Decided: March 14, 1977.
STATE OF NEW JERSEY, PLAINTIFF-RESPONDENT,
PAUL POWERS T/A PAUL POWERS TRUCKING COMPANY, DEFENDANT-APPELLANT
Bischoff, Morgan and King.
[148 NJSuper Page 416]
On two separate occasions defendant trucking company received a summons when a truck owned by it was found to be carrying a load in excess of the weight permitted for that type of vehicle pursuant to the provisions of N.J.S.A. 39:3-84. After a hearing in municipal court defendant was found guilty as charged and fined $595.20 for each offense. Defendant appealed to the Burlington County Court and after a trial de novo on the record was again found guilty.
Defendant appeals, contending that the particular provisions of N.J.S.A. 39:3-84, specifying both the amount of allowable weight as well as the method by which compliance with that statute is determined, are unconstitutionally vague and thus his convictions cannot stand.
The truck in question is a three-axled "dump truck" registered as a commercial vehicle to carry a maximum of 72,000 pounds of total weight upon the highways of this State. The gross weight of the truck on the date of these offenses was 68,800 pounds, within the gross weight limitation on the truck's registration. N.J.S.A. 39:3-84, however,
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imposes an additional weight limitation upon commercially registered vehicles:
The gross weight imposed on the highway by the wheels of any one axle of a vehicle shall not exceed 22,400 pounds.
For the purpose of this Title the gross weight imposed on the highway by the wheels of any one axle of a vehicle shall be deemed to mean the total load transmitted to the road by all wheels whose centers are included between two parallel transverse vertical planes less than 40 inches apart, extending across the full width of the vehicle.
The combined gross weight imposed on the highway by all wheels of all axles whose centers are on or between two parallel transverse vertical planes spaced 40 inches, but less than 96 inches apart, extending across the full width of the vehicle, shall not exceed 34,000 pounds.
When defendant's truck was stopped by an inspector of the Division of Motor Vehicles, the inspector first determined how much weight the two rear axles of defendant's truck could lawfully bear in light of the above statutory provision by measuring the distance between the two rear axles. That distance was 54". Since the 54" distance was between 40" and 96", the limitation contained in the last of the above-quoted paragraphs of N.J.S.A. 39:3-84 applied and the inspector determined that those two axles and the wheels they supported could bear no more than 34,000 pounds of weight upon the highway. Upon actual weighing of those wheels it was determined that they were carrying over 58,000 pounds. Pursuant to N.J.S.A. 39:3-84.3, the inspector gave the driver an opportunity to redistribute the load so as to come within the weight limitations. When the driver stated that was impossible, the summonses were issued.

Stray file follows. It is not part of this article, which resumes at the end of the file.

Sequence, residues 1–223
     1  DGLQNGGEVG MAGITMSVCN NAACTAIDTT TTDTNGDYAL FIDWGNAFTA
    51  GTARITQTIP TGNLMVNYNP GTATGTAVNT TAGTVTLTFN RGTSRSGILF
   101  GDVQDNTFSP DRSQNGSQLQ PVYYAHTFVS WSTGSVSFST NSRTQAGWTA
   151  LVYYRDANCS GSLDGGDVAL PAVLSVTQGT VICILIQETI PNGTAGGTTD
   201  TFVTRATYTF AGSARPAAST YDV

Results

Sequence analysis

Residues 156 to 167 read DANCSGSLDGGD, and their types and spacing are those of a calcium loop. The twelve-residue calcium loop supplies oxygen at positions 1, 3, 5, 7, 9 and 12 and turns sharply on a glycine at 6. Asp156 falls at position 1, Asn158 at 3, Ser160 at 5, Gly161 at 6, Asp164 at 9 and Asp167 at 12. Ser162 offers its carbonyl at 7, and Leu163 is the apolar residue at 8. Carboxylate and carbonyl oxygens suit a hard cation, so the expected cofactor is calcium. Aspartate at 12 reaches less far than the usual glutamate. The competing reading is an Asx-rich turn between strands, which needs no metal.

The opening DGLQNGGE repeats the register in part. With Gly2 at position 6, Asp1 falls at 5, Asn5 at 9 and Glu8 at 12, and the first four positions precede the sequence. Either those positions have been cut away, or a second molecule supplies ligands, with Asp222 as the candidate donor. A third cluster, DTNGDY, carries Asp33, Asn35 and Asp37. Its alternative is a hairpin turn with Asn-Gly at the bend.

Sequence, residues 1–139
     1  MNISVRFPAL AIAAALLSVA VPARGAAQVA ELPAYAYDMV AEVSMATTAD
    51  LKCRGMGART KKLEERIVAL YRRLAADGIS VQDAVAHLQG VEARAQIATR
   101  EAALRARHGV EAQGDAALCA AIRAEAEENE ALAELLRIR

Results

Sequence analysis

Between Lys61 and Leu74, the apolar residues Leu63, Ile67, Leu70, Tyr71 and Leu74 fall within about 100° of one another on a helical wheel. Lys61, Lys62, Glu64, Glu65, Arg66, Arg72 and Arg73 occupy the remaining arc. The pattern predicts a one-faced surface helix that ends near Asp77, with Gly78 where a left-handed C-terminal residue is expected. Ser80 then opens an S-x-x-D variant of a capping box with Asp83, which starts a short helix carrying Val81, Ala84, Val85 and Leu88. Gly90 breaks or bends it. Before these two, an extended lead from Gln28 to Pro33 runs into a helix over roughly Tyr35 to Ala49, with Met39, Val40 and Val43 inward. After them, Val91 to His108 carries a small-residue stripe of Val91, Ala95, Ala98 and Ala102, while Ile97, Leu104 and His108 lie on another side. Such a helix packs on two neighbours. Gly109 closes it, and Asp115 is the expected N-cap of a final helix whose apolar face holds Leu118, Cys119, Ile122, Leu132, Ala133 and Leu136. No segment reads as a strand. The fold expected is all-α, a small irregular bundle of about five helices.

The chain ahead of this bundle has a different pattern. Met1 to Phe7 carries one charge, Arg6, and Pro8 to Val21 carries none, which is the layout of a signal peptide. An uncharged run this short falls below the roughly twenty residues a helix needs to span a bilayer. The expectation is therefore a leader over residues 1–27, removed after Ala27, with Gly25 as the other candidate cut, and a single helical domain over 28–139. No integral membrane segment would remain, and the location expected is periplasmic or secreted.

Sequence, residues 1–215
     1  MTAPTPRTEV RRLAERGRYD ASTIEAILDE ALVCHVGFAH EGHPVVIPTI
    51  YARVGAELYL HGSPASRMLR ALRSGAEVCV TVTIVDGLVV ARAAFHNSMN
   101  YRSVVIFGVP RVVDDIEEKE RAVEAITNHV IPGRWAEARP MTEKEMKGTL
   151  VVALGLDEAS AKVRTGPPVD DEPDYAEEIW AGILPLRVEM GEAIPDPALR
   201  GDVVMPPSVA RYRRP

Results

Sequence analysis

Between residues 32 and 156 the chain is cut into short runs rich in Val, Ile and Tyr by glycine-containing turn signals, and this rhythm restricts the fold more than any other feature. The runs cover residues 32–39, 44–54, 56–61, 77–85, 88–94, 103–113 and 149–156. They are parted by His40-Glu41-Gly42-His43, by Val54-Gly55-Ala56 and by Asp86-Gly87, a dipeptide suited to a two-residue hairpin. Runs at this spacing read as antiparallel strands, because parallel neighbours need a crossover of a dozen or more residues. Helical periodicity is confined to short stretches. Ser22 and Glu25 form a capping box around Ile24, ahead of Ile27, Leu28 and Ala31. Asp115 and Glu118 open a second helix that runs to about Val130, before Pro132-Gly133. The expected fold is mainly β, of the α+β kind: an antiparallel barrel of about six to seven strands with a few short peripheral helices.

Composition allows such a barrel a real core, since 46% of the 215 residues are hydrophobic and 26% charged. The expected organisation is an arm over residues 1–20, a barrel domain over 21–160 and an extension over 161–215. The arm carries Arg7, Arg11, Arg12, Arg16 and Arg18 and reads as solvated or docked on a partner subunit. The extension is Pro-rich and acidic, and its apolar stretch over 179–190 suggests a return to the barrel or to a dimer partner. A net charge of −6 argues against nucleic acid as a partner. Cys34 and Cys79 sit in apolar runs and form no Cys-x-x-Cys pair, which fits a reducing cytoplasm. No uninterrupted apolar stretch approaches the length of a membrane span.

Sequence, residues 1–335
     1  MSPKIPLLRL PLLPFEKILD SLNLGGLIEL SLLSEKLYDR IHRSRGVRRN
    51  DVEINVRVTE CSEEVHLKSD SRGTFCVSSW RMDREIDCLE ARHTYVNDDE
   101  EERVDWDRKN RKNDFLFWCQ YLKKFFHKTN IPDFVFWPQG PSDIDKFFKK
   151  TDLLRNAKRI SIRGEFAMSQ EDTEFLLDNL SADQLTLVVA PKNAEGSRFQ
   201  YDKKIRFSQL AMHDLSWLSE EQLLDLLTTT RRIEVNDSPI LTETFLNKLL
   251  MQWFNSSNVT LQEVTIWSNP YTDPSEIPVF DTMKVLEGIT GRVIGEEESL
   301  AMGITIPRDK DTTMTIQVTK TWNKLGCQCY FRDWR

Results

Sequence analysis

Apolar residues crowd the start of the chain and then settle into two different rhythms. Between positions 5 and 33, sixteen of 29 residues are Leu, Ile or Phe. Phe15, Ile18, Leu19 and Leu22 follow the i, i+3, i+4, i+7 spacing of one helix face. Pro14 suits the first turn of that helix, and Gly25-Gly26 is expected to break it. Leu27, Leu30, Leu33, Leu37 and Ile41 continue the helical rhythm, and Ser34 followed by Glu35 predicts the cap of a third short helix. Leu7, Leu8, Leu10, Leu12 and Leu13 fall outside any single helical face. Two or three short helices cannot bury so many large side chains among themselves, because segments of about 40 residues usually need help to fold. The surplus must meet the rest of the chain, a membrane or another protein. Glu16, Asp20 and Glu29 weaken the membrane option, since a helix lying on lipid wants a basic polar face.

On this appeal defendant contends that the statute is unconstitutionally vague because it is impossible to tell from this statute whether the two parallel transverse planes mentioned therein should run parallel to the width or the length of the vehicle. Defendant argues that the insertion of the word "across" in the phrase "extending across the full width of the vehicle" means that the parallel transverse
[148 NJSuper Page 418]
vertical planes must run perpendicular to or at a right angle to the width of the vehicle, not parallel to the width of the vehicle but to its length. Hence, the distance referred to is in reality axle length. In support we are referred to the definition of the word "across" found in Webster's Unabridged Dictionary (3 ed. 1966), which defines that word to mean "to cross transversely, pass at an angle, from one side to the other."
Defendant's proffered construction of this statute is unacceptable and is productive of a confusion unmerited by the statutory language which we view as clear. Defendant places disproportionate emphasis upon the word "across" in the phrase describing the course of the two transverse vertical planes as "extending across the full width of the vehicle." The word "across" simply emphasizes that the planes extend the width of the vehicle. The word was not intended to suggest a right-angled transection of the plane running the width of the vehicle, resulting in the planes running the length of the vehicle. The language used will simply not bear that interpretation. Planes running parallel to the length of the vehicle would not include the centers of the wheels as the statutory language demands, or, at least, would render reference to the centers of the wheels meaningless. If the distances referred to simply measured axle length, the Legislature could simply have said so without resorting to the device of the distance between two parallel transverse vertical planes to measure permissible axle weight.
Defendant's remaining contentions lack merit.